Replaying recordings of animal vocalizations is always a thrill. The sounds of the wild can be beautiful, stirring, even shocking. But when it comes to the scientific study of these sound recordings – known as bioacoustics – listening to sound is, unfortunately, one of the least useful ways to perform a scientific analysis.
Analyzing vocalizations by ear can be time-consuming. And how would you know precisely when a call occurred, at what amplitude or frequency, and under what circumstances?
That’s why sound visualization tools — namely oscillograms and spectrograms —are so crucial. By creating a tangible view of wildlife sounds, you can see vocalizations as they occur through time.
Let’s explore these tools and how they can be used to get the precision you need as a wildlife biologist.
An oscillogram is a visual representation of sound data which explains the relationship between time and amplitude.
The vertical axis on an oscillogram represents amplitude while the horizontal axis shows seconds of time. Each point along the waveform represents relative amplitude in decibels – meaning, the tool allows you to see and measure how amplitude changes over time from loud to soft.
A spectrogram provides a view of amplitude and frequency over time.
Like an oscillogram, it shows elapsed time in the same left-to-right representation, but with the added dimension of frequency.
Frequency is displayed on the vertical axis in hertz, and amplitude is represented by variations in color that show the intensity of the vocalization that occurred.
While you might be quick to assume that the spectrogram is superior due to its ability to show the added dimension of frequency, this isn’t always the case.
The oscillogram allows you to get a closer look at points of interest. For example, want a precise measurement of decibel changes in amplitude? You will get the most granular view from the oscillogram.
If you were to try to zoom down to sample level and retrieve the same information from a spectrogram, it would be much more difficult to see the same level of detail.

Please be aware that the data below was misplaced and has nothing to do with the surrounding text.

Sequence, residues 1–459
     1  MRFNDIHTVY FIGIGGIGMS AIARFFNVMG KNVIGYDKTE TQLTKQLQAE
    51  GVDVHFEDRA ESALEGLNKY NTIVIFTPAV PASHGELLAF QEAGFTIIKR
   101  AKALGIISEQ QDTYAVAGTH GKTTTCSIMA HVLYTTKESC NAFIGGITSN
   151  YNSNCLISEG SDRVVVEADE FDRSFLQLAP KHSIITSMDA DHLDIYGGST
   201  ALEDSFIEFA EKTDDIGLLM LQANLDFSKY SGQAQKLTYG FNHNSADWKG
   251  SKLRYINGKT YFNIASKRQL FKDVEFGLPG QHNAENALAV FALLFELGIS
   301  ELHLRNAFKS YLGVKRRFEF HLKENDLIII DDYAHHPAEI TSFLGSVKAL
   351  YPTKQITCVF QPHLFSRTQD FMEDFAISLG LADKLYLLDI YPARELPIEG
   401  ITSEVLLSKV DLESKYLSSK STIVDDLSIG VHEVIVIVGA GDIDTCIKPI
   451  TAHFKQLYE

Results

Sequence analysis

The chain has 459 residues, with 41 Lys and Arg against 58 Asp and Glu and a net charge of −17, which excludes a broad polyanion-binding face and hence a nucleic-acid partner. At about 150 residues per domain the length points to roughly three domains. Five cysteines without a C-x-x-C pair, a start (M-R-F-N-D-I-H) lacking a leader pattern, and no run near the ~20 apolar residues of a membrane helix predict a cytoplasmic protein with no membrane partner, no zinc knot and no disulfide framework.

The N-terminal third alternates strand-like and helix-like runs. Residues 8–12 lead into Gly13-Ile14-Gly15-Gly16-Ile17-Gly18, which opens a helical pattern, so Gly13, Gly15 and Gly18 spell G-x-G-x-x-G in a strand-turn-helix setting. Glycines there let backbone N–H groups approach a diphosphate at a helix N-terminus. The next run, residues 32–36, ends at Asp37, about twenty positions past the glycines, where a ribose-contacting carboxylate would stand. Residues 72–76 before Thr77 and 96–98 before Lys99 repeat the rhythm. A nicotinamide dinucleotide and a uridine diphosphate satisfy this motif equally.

But that’s not to say the spectrogram is inferior either. In fact, it’s often a favorite among wildlife biologists. This is where the magic of the wild seems to come to life on the screen to tell a story, illustrating a dimensional view of sound.
With the added benefit of seeing frequency on a spectrogram, you can more easily discern between vocalizations at high and low frequencies. Vocal frequencies help you more quickly identify your species of study, so you can narrow your focus as you parse through your recordings.
For instance, you know that songbird frequencies would be higher than owl frequencies, so if you are studying songbirds, the higher frequency vocalizations would be your focus.
In truth, neither the oscillogram nor spectrogram is necessarily better than the other – they are simply different tools for different jobs. You can find different information in each, which can be equally valuable depending on the requirements of your research.
When making an oscillogram versus spectrogram comparison, it’s not a question of what the visualization tools cannot do, but rather a question of what they can do
If you expect them to do something that they cannot, you might get frustrated. By understanding the differences between the two, it will help to ease that frustration.
Wildlife Acoustics Kaleidoscope software includes correlated views of the oscillogram and spectrogram. That is, the graphics are linked together according to time and share a time ruler, allowing you to easily see both views.
Within the pro version of the software, you can either rely on your own oscillogram or spectrogram analysis or use more advanced features for automated analysis – letting your computer do the work for you.
For example, Kaleidoscope Pro’s Cluster Analysis uses sophisticated pattern-recognition algorithms that scan wildlife audio recordings for animal vocalizations. Once detected, the sounds are sorted into groups of similar sounds called “clusters.” From there, clusters can be labeled for species inventory or annotated to create classifiers that can be run on additional recordings.
Additionally, for bat researchers, a bat auto-ID feature in Kaleidoscope Pro analyzes recordings of bat echolocations and automatically suggests the most likely bat species. It also provides an efficient workflow for manually vetting these auto-ID identifications, reducing the amount of time you spend analyzing your recordings.
Ready to get started? Learn more about Kaleidoscope software now.
Wildlife Acoustics, Inc.
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Maynard, MA 01754-2657 USA
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